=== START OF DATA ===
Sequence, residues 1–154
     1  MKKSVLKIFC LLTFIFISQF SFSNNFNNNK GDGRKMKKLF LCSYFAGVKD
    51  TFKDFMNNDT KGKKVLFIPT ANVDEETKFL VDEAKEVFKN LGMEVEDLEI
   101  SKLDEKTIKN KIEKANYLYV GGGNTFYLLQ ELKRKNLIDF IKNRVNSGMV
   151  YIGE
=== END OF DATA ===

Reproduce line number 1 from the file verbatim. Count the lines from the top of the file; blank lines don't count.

Sequence, residues 1–154